Tuesday, July 3, 2012

Independence (and Diagramming, Of Course!)


"When in the Course of human events, it becomes necessary for one people to dissolve the political bands which have connected them with another, and to assume among the Powers of the earth, the separate and equal station to which the Laws of Nature and of Nature's God entitle them, a decent respect to the opinions of mankind requires that they should declare the causes which impel them to the separation."


I might be the only person to be celebrating Independence Day by diagramming sentences, but (in addition to the other multitude of sentence diagramming benefits) what better way to really think about the words and ideas that helped make us free?!

Here is my guess for this week’s sentence diagramming challenge: (ETA: I diagrammed the compound infinitives incorrectly. They do not modify ‘necessary’ but are actually an appositive for ‘it.’ You can see a correct diagram at this link.)


Did you give that one a try? Or this next one?

"And for the support of this Declaration, with a firm reliance on the Protection of Divine Providence, we mutually pledge to each other our Lives, our Fortunes and our sacred Honor."


(I’m always forgetting words when I re-write the diagrams. (My first, second, third…drafts are always horrendously messy.) I had to add the ‘and’ in there at the last minute when I was editing the photo. Ha!)

If you are just beginning your exciting sentence diagramming adventure (wahooo! for you!), did you try the simple sentence?

“He has plundered our seas.”

Who or what is the sentence about? ‘He.’ That is the subject. What is being said about the subject? He ‘has plundered.’ That is the predicate. It is called a verb phrase because there are two words that work together, the helping or auxiliary verb ‘has’ and the action verb ‘plundered.’ Did something receive the action? What was plundered?  ‘Seas.’ That is the direct object. What word tells us more about ‘seas?’ ‘Our.’ That is an adjective modifying the noun ‘seas.’


See how easy that is?! {grin}

(Oh, I’m *not* the only one diagramming for Independence Day! Leigh Bortins is, as well! {grin})


Speaking of grammar and The Declaration of Independence, I have been enjoying Michael Clay Thompson’s book on the subject, Jefferson’s Truths. In fact, I would put it on my must-read list, both for students and their parents.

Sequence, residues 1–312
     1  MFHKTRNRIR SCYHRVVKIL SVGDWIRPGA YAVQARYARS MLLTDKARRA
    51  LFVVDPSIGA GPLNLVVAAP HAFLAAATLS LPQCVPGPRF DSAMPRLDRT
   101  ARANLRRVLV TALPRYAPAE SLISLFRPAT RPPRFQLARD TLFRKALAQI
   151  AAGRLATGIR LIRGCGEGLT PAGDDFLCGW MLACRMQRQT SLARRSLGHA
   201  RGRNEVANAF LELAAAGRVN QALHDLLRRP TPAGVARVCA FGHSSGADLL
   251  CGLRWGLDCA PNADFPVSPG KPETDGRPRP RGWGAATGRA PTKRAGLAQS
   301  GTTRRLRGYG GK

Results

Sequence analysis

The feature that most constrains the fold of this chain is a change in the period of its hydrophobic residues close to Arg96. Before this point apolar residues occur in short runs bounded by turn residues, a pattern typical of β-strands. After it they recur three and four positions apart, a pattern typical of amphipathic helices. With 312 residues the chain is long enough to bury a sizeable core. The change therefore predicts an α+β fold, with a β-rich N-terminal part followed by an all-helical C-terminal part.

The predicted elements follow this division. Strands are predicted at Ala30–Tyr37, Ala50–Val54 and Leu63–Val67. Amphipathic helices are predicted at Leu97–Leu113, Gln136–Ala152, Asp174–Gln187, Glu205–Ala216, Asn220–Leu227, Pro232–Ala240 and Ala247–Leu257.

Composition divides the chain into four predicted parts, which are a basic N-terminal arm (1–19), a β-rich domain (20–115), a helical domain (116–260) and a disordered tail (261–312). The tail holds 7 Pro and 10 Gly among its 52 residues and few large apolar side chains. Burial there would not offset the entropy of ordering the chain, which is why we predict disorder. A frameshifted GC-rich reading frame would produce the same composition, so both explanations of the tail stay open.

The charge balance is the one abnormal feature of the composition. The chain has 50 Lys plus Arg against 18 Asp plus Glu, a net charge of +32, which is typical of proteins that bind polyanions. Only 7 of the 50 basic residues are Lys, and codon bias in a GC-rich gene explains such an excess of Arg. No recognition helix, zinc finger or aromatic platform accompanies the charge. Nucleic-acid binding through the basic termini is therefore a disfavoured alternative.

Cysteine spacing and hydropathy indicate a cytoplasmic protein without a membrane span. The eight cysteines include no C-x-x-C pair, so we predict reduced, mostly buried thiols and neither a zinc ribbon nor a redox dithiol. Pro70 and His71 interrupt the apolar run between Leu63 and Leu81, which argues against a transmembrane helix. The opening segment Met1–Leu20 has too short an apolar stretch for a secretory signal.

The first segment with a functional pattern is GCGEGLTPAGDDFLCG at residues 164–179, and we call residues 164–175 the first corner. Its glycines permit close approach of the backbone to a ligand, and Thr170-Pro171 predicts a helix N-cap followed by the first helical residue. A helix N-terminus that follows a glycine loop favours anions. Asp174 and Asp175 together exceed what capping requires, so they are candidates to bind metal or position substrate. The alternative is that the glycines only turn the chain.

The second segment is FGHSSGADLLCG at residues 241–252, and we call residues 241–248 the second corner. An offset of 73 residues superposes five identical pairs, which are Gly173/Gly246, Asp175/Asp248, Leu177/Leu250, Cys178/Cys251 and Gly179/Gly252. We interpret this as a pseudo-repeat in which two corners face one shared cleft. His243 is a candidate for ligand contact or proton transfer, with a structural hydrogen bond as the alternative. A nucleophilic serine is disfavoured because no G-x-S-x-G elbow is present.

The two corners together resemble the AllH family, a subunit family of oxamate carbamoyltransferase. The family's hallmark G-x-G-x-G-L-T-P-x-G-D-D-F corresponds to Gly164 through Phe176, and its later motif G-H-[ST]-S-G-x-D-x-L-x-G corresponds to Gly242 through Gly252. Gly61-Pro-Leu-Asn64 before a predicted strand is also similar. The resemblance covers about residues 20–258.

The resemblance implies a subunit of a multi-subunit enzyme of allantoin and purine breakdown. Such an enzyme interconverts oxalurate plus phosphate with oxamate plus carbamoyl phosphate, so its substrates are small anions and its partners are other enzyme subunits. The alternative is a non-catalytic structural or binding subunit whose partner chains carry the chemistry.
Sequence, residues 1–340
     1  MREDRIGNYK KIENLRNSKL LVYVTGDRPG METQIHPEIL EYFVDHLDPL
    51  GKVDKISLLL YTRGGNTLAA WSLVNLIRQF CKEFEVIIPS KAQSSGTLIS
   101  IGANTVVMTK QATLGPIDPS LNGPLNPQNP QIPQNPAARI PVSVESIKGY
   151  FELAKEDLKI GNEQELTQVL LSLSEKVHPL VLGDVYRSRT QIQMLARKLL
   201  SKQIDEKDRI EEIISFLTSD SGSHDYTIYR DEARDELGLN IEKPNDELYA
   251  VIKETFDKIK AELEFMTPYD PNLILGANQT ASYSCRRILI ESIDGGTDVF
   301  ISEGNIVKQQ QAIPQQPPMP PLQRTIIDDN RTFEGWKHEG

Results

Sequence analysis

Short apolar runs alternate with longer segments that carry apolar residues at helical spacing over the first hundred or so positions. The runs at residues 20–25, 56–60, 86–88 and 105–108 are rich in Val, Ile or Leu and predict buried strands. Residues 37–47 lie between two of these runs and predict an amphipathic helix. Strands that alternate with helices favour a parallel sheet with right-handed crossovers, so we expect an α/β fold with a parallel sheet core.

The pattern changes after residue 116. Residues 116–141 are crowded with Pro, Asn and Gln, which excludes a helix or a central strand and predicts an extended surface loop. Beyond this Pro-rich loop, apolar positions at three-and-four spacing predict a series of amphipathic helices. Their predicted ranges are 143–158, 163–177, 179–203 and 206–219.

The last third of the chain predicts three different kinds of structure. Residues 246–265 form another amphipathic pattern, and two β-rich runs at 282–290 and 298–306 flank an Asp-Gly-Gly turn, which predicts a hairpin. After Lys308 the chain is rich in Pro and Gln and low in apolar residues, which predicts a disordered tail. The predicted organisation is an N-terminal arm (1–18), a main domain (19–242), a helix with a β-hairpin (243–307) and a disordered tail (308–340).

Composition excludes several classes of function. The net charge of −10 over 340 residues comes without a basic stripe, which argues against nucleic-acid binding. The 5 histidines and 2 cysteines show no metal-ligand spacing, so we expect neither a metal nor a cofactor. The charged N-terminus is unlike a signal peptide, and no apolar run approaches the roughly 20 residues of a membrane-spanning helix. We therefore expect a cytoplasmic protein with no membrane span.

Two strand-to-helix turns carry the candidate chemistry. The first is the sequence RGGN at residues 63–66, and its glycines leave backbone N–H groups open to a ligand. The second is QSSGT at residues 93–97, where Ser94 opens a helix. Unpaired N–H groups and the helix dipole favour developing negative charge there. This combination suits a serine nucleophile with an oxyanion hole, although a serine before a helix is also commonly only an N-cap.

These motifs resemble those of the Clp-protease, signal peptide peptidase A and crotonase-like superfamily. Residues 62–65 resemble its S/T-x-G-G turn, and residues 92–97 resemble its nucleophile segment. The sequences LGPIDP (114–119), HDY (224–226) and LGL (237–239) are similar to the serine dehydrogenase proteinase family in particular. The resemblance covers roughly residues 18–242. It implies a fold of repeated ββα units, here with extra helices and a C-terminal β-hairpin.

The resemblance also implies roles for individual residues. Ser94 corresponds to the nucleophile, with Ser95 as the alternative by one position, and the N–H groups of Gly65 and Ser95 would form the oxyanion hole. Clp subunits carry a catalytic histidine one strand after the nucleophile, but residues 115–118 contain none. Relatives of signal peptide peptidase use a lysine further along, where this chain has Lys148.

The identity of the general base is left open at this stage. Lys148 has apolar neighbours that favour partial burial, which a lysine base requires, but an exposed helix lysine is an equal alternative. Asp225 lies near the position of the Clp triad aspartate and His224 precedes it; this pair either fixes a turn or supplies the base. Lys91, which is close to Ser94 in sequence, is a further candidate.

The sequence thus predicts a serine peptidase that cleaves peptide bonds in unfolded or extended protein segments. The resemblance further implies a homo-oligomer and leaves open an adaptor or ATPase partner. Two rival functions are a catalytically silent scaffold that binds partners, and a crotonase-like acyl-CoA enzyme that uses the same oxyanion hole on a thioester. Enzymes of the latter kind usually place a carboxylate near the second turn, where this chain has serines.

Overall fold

The description from the MCT website:

“In this volume Thompson shows just how revolutionary were the concepts of the Declaration by relating them to the ideas of the Enlightenment and then focuses on the language and grammar that Jefferson used to announce that revolution. He contrasts the extraordinary dignified tone of the Declaration with other more inflammatory language used in the revolutionary war, and he shows precisely how Jefferson used grammar and vocabulary to achieve the ends he sought.”



Just for fun:



Kellie said...

I was all excited to diagram with you again, but we were out of town for the weekend and I've been too busy catching up on laundry and such. I didn't look closely at your diagrams yet, because I might still try them out myself. : )

Have a wonderful 4th of July!

Amy @ Hope Is the Word said...

Thanks for the recommendation on the MCT book!

I haven't gotten brave enough to attempt diagramming again. I had an entire semester in college of nothing but diagramming, but I'm afraid to find out how much I've forgotten.

Anonymous said...

You know, your diagram of the introduction to the Declaration of Independence is similar to Phyllis Davenport's in "Rex Barks" (assuming I have decoded her frame correctly). She places people as doing the action of the compound infinitives (objective case subject).

Interesting to think about.